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Today is the day after the longest day of the year (Summer Solstice) The kids are out of school–bored and maybe driving you crazy? Well, slow down and enjoy the 15+ hour day with some little known (and most likely cared about) tidbits. Share these and show others how nerdy you really are…

Buried Alive

The Legend:

Some poor fool is committed to his or her eternal resting place, even though they aren’t quite ready to take that final dirt nap. Scratch marks are later found on the coffin lid along with other desperate signs of escape.

This not only happened, but back in the day it happened with alarming regularity. In the late 19th century, William Tebb tried to compile all the instances of premature burial from medical sources of the day. He managed to collect 219 cases of near-premature burial, 149 cases of actual premature burial and a dozen cases where dissection or embalming had begun on a not-yet-deceased body.

Now, this may seem ridiculous, but keep in mind this was an era before doctors such as the esteemed Dr. Gregory House gained the ability to solve any ailment within 42 minutes. If you went to the doctor with the flu in those days, he’d likely cover you in leeches and prescribe you heroin to suppress your cough. Their only method for determining if a person had died was to lean over their face and scream “WAKE UP” over and over again. If you didn’t react, they buried you.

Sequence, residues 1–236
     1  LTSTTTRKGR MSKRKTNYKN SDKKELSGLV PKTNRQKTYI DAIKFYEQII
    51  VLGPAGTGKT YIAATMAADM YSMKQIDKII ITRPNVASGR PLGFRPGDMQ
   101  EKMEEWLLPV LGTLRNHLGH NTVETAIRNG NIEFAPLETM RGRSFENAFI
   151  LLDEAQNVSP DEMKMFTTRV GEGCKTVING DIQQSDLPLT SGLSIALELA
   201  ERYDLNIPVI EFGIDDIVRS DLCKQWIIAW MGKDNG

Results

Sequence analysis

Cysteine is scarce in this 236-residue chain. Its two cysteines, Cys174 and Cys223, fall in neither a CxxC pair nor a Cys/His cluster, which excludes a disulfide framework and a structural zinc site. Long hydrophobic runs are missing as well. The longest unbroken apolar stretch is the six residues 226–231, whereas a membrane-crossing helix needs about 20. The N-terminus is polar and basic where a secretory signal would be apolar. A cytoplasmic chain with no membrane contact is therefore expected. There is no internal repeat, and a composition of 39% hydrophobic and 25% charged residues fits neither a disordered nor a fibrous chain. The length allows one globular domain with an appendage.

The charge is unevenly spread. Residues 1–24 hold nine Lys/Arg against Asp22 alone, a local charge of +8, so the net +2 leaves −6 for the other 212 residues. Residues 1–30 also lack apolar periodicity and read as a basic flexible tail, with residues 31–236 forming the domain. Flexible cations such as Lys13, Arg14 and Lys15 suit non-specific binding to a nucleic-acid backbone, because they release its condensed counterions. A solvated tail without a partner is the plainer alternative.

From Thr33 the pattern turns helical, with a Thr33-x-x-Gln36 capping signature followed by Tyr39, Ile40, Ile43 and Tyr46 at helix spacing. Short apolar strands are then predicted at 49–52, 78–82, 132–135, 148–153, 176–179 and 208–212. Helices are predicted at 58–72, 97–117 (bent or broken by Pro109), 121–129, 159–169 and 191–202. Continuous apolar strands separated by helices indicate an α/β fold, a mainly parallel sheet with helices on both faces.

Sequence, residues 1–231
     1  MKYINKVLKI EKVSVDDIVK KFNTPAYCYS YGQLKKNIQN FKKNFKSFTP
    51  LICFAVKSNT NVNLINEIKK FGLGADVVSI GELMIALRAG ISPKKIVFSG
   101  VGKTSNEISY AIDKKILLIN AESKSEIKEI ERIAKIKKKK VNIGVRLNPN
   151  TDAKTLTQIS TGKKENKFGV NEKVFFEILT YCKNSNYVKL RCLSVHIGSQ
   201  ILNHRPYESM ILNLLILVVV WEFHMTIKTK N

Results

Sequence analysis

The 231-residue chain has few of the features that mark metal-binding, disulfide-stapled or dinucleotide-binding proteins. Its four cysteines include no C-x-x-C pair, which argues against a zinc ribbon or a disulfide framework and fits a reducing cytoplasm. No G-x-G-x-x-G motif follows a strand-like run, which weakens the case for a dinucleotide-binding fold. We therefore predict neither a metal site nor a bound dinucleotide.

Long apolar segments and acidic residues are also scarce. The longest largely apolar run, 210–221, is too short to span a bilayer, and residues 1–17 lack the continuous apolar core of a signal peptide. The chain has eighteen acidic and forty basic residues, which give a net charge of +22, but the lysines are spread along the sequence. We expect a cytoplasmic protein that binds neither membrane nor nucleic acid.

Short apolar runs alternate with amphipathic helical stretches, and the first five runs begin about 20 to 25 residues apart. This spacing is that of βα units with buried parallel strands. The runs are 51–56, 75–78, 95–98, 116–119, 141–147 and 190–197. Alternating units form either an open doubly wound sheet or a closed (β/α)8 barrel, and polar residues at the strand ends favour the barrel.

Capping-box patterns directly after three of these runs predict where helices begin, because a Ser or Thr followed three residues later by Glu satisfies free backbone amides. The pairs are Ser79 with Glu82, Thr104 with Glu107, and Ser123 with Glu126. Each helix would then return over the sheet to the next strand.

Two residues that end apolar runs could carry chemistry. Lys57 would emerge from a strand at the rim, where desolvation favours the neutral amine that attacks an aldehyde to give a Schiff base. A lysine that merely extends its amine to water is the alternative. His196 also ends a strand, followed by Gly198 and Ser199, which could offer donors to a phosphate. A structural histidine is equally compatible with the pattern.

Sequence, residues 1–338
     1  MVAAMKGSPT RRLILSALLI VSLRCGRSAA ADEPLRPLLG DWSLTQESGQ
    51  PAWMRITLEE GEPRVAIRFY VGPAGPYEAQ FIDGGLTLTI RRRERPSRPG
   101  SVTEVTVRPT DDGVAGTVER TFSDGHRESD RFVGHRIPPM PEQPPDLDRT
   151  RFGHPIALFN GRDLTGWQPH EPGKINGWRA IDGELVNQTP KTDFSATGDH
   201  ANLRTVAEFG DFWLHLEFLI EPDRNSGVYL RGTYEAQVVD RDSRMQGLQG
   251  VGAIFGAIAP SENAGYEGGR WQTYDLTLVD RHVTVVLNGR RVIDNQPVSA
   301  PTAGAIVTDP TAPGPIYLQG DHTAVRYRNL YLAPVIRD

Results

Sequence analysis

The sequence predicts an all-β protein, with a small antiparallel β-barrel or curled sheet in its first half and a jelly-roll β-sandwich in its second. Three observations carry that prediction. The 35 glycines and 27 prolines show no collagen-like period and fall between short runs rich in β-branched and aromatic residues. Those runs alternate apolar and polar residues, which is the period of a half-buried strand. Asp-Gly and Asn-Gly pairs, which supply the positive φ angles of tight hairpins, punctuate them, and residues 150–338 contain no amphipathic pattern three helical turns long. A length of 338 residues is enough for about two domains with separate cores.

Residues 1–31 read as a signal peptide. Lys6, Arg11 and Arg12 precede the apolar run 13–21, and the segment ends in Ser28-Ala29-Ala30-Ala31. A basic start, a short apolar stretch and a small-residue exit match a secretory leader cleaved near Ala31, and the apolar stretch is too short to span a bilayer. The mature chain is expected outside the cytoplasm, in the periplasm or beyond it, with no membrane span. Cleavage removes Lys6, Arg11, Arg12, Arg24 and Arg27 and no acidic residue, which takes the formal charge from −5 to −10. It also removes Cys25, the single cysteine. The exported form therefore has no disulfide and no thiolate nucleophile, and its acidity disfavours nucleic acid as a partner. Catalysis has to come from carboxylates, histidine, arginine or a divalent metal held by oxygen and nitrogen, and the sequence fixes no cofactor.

The concern over being buried alive back then was so real that the must-have hot-ticket item for the wealthy and paranoid were “safety coffins” that allowed those inside to signal to the outside world (usually by ringing a bell or raising some type of flag) should they awake 6-feet under.

Unfortunately safety coffins aren’t in vogue anymore, so if you’re at the cemetery and hear a muffled voice calling out “OK guys, joke’s over. Let me out!” it might be a good idea to inform someone with a shovel quickly.

Of course, that last sentence was merely facetious, there’s no way something like this could still happen today. Uh, well, except for this story about a Venezuelan man waking up during his autopsy. On second thought, you might want to consider adding a line in your will that states you’re to be buried with a gas-powered auger in your casket when you go.

Nathan Birch also writes the disgustingly cute webcomic Zoology.

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Summer solstice 2011

The annual ritual is celebrated at the world heritage site of Stonehenge on England’s Salisbury plane.